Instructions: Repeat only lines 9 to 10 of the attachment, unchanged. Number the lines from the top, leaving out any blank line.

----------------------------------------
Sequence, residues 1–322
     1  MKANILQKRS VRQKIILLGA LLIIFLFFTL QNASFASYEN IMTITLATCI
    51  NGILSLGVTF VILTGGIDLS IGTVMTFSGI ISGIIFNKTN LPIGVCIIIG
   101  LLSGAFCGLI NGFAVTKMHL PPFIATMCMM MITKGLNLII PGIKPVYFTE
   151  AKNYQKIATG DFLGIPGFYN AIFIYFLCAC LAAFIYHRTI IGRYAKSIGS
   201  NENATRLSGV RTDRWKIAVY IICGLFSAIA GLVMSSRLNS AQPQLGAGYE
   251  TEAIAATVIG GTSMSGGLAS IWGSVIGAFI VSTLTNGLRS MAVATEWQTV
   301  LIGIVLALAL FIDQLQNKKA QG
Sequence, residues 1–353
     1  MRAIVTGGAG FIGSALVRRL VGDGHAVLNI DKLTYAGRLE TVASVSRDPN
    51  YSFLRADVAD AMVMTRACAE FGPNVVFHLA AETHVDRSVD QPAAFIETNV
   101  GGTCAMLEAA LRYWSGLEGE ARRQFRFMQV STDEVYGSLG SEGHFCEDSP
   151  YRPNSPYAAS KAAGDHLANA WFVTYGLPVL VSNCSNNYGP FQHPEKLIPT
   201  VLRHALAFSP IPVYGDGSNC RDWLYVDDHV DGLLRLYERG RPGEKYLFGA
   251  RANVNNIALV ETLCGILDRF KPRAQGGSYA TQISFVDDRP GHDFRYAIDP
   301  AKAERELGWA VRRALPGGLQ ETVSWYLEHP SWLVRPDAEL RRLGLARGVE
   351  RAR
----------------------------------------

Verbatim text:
Sequence, residues 1–353
     1  MRAIVTGGAG FIGSALVRRL VGDGHAVLNI DKLTYAGRLE TVASVSRDPN